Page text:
That family was probably spending 170 k monthly here and then whats the advantage of them relocating to dirty Manila?

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3 hours ago, Chazar said:

Love the mentality, questioning isn't allowed,  follow  the  rule, obey, conform.

It would be nice to see this "Thai  Visa/Nation contacted immigration to hear their comment on this  case"

I applaud your heart, but dream on, these guys (TV) are hard nosed businessmen. Even if they were SJWs, the Thais would ignore them. Expats have no standing here, other than as a revenue source, and they're not even an important one at that. 

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Thailand's,  true face of authority,  shining through. 

Good to see this story out there.

It puts resent changes,  into the real light of day. 

 

A very sad state of affairs. 

 

 

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“There she will easily get a three year visa without bothersome financial hassles”

 

How? What kind of PI Visa?  I researched living in Manila or Cebu for years and discovered the PI’s version of the Retirement Visa is more difficult to obtain the LOS.  

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1 hour ago, colinneil said:

You think something fishy about it.

You clearly have dont know much about immigration officers here.

Rules are rules they say, they have no compassion what so ever.

My own experience with them.... Being in a coma is no excuse for overstay.

Your husband will be deported, thats what my wife was told when she went to sort things out.

Sorry, mate to hear that. Must have been hard on both of you. 

 

  There's no more Land of Smiles, more lies and cries. 

 

   

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Anti-farang rules and attitude will show its effect on the thai economy in the coming decade. 

 

More people= More money/economic movement = more taxes/vat/ect

Basic economic principals that they do not realize. 

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1 hour ago, donnacha said:

I feel bad for the lady with Alzheimer's, but something is fishy about this story.

An American husband and wife team who ran a Web design business successful enough to be sold, and still relatively young, are unable to drum up one bank deposit of $25K which will allow their mother to stay in Thailand until she passes.

During the course of their business careers, did they not forge strong enough relationships with clients or collaborators to be able to ask around for help now that they have a real problem?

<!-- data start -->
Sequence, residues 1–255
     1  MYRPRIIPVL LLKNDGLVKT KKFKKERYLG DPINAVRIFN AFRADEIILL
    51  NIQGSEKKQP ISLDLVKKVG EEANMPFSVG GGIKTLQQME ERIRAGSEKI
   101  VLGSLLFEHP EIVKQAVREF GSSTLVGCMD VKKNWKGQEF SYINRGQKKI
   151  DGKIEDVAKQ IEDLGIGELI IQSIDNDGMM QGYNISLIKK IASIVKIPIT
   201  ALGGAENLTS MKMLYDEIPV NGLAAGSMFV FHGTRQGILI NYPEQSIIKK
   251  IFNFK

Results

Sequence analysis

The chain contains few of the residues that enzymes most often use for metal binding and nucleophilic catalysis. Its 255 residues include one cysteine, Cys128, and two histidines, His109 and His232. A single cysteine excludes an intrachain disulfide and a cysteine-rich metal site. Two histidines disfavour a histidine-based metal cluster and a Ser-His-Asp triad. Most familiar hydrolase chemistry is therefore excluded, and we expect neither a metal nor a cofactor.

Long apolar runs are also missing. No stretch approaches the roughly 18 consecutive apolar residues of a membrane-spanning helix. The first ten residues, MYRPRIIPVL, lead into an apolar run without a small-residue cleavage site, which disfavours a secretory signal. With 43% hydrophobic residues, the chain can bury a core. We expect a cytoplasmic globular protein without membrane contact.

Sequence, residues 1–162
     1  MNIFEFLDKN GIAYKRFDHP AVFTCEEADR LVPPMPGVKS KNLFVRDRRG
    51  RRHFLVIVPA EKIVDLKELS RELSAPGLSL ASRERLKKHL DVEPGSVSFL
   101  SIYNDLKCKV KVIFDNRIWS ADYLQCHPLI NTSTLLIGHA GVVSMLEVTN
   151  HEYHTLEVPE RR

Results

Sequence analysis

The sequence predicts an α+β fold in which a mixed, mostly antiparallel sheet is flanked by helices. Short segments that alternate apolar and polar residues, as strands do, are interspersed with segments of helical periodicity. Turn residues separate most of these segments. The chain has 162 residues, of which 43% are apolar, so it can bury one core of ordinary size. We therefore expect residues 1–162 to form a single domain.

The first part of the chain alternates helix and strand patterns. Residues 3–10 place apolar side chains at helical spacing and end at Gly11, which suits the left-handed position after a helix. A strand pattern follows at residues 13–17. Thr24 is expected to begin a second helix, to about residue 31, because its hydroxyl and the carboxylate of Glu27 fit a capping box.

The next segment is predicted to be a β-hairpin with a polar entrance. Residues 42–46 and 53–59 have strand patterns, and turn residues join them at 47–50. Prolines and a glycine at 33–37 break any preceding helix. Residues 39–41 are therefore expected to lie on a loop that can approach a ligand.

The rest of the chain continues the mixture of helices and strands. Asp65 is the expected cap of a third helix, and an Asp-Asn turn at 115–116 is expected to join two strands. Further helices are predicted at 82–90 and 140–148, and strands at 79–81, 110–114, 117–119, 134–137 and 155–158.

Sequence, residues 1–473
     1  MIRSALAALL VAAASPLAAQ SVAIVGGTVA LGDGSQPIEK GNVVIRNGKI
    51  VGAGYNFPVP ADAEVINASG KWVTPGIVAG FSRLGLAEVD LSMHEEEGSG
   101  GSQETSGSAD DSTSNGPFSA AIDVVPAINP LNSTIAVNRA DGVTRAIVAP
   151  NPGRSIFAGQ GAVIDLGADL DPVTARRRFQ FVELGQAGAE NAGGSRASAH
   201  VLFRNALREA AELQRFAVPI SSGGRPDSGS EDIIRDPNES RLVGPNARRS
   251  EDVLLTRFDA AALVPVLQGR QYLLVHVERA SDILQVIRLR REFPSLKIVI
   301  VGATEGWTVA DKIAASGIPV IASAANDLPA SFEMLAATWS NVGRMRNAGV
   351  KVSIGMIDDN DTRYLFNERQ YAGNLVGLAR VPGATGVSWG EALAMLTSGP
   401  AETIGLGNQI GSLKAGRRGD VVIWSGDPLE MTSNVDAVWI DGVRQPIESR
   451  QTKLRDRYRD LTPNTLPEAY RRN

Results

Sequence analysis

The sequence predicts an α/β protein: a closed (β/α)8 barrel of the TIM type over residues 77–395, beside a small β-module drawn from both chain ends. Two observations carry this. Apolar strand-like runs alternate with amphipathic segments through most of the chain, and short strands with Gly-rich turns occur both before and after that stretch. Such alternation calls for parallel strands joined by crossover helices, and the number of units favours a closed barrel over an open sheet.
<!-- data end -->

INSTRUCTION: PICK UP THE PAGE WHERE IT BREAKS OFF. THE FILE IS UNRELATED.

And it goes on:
Don't they have have any family or family friends in America? Is gathering $25K really such an insurmountable challenge? 

Do they really think that living in Manila is going to be that much cheaper than Chiang Mai?

Do they understand how much harder it is to find a place to live there, and how much more expensive rent and utilities are?

Have they ever experienced the existential struggle of trying to find edible food in the Philippines?

Surely, if they had made any friends at all in during their 4 years in Thailand, someone would have pointed out that they can simply pay $600 per year for an agent to grease the wheels for them and stay right here in Chiang Mai. I mean, seriously, that is less that what their flights to Manila will cost them.

 

My guess is that their back story is bullshit and this is an attempt to salt gullible people, farang and Thai, into donating money to them. They have no intention of folding up their tents and moving their circus to Manila.

 

I agree with you mate, just doesn't add up 

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First and foremost I have to wonder the about the planning that went into this.  

 

First they say that they had enough money to get them through.  That to me sounds like they had JUST

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3 hours ago, aussienam said:

The reality is IMO that the Thai establishment no longer wish for low end expat spenders, preferring for upper middle and high end income earning expats.  Health insurance is obviously an issue as is other issues that could burden the Thai economy - but I feel in the whole scheme of things that this would only account for a small percentage.  I get that having people here financially self sufficient is a good idea, but their requirements I feel are too rigid and with the new laws it makes those who have been doing the right thing all along being punished.  Of course there are those who have caused problems and hence the crackdown and changes.  But I feel that there may be a bigger strategy here to change the face of those who come here.  There is always the Philippines, Cambodia, Vietnam and probably a few other places as well that in time will cater better for expats and those needing care.   Sad for the lady though.  A bit of flexibility in circumstances like this would be good IMO.